William Shakespeare

(26 April 1564 - 23 April 1616 / Warwickshire)

William Shakespeare Quotes

  • ''Ten masts make not the altitude
    Which thou hast perpendicularly fell.
    Thy life's a miracle.''
    William Shakespeare (1564-1616), British dramatist, poet. Edgar, in King Lear, act 4, sc. 6, l. 55. To his father, who thinks he has jumped off a cliff.
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  • ''A goodly portly man, i'faith, and a corpulent, of a cheerful
    look, a pleasing eye, and a most noble carriage.''
    William Shakespeare (1564-1616), British dramatist, poet. Falstaff, in Henry IV, Part 1, act 2, sc. 4, l. 422-4. Under cover of playing King Henry IV, he describes himself in flattering terms; "portly" means stately; "carriage" means bearing.
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  • ''His bold head
    'Bove the contentious waves he kept, and oared
    Himself with his good arms in lusty stroke
    To the shore.''
    William Shakespeare (1564-1616), British dramatist, poet. Francisco, in The Tempest, act 2, sc. 1, l. 118-21. Describing Ferdinand swimming from the shipwreck.
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  • ''Well, while I live I'll fear no other thing
    So sore, as keeping safe Nerissa's ring.''
    William Shakespeare (1564-1616), British dramatist, poet. Gratiano, in The Merchant of Venice, act 5, sc. 1, l. 306-7. Pleased to find Nerissa has the ring he thought he had given away, Gratiano exploits a sexual play on the word.
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  • ''A man that Fortune's buffets and rewards
    Hath ta'en with equal thanks.''
    William Shakespeare (1564-1616), British dramatist, poet. Hamlet, in Hamlet, act 3, sc. 2, l. 67-8. Describing his friend Horatio.
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  • ''I am not prone to weeping, as our sex
    Commonly are, the want of which vain dew
    Perchance shall dry your pities; but I have
    That honorable grief lodged here which burns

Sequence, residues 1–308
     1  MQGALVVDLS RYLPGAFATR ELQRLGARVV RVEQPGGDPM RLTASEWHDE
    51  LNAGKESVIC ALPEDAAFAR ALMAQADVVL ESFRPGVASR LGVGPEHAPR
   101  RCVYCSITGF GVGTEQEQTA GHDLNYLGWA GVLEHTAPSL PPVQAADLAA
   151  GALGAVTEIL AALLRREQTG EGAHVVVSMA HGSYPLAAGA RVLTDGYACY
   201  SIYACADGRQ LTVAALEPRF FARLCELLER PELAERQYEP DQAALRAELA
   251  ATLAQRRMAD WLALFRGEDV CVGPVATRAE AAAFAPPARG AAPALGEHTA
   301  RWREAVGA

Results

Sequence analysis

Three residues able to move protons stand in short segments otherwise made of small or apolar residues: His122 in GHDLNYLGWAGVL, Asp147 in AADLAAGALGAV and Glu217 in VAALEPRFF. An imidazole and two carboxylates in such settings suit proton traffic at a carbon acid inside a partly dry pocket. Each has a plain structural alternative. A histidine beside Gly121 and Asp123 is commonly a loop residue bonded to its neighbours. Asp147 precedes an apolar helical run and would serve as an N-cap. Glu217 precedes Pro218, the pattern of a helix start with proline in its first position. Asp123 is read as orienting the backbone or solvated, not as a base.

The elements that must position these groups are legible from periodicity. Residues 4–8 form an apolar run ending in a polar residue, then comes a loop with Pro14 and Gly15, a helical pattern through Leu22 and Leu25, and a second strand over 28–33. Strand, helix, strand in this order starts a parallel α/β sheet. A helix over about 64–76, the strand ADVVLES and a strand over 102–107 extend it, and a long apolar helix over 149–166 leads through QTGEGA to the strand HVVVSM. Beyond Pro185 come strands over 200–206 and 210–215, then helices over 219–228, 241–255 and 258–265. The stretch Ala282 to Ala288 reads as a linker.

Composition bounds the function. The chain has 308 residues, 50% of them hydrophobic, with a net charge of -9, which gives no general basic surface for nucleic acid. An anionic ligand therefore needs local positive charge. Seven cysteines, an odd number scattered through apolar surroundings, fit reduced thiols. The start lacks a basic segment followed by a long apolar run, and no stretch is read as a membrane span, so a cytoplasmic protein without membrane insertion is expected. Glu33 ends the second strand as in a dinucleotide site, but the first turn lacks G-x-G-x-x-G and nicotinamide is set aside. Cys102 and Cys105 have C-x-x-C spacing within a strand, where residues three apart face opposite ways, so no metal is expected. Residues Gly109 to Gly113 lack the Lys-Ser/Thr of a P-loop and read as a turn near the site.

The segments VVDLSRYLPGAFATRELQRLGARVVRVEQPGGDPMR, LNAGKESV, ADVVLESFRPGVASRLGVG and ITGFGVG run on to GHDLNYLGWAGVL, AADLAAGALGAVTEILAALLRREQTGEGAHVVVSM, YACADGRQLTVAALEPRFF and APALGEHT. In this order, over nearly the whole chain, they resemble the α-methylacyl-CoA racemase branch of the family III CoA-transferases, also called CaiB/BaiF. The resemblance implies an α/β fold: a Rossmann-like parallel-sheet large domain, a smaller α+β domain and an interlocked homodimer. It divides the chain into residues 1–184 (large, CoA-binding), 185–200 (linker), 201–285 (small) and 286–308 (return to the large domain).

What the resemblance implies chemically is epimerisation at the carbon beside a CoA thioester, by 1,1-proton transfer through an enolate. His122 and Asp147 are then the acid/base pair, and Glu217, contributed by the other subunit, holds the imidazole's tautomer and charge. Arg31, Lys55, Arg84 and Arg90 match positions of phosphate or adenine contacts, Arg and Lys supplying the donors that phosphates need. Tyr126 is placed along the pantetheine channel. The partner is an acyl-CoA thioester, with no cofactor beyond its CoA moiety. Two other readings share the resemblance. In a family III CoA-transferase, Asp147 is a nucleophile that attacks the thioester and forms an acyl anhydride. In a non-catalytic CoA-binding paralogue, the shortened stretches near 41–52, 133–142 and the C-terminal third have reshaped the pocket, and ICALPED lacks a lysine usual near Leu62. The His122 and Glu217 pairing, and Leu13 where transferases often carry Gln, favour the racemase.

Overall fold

Worse than tears drown.''
    William Shakespeare (1564-1616), British dramatist, poet. Hermione, in The Winter's Tale, act 2, sc. 1, l. 108-12. On being accused of adultery and sent to prison.
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  • ''Virtue? a fig! 'tis in ourselves that we are thus or thus. Our bodies are our gardens, to the which our wills are gardeners.''
    William Shakespeare (1564-1616), British dramatist, poet. Iago, in Othello, act 1, sc. 3, l. 319-21. "A fig!" Implies the scornful gesture of thrusting the thumb between the fist and second fingers.
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  • ''That England, that was wont to conquer others,
    Hath made a shameful conquest of itself.''
    William Shakespeare (1564-1616), British dramatist, poet. John of Gaunt, in Richard II, act 2, sc. 1, l. 65-6. Criticizing Richard's corrupt mode of governing.
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  • ''He hath a tear for pity, and a hand
    Open as day for melting charity.''
    William Shakespeare (1564-1616), British dramatist, poet. King Henry, in Henry IV, Part 2, act 4, sc. 4, l. 31-2. Praising Prince Hal.
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  • ''This day is called the Feast of Crispian.
    He that outlives this day and comes safe home
    Will stand a-tiptoe when this day is nam'd
    And rouse him at the name of Crispian.
    He that shall live this day, and see old age,
    Will yearly on the vigil feast his neighbours
    And say, "Tomorrow is Saint Crispian."''
    William Shakespeare (1564-1616), British poet. King Henry V (IV, iii). FaPoR. The Unabridged William Shakespeare, William George Clark and William Aldis Wright, eds. (1989) Running Press.
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Best Poem of William Shakespeare

Fear No More

Fear no more the heat o' the sun;
Nor the furious winter's rages,
Thou thy worldly task hast done,
Home art gone, and ta'en thy wages;
Golden lads and girls all must,
As chimney sweepers come to dust.

Fear no more the frown of the great,
Thou art past the tyrant's stroke:
Care no more to clothe and eat;
To thee the reed is as the oak:
The sceptre, learning, physic, must
All follow this, and come to dust.

Fear no more the lightning-flash,
Nor the all-dread thunder-stone;
Fear not slander, censure rash;
Thou hast finished joy ...

Read the full of Fear No More

Sonnet Lxxvii

Thy glass will show thee how thy beauties wear,
Thy dial how thy precious minutes waste;
The vacant leaves thy mind's imprint will bear,
And of this book this learning mayst thou taste.
The wrinkles which thy glass will truly show
Of mouthed graves will give thee memory;
Thou by thy dial's shady stealth mayst know
Time's thievish progress to eternity.
Look, what thy memory can not contain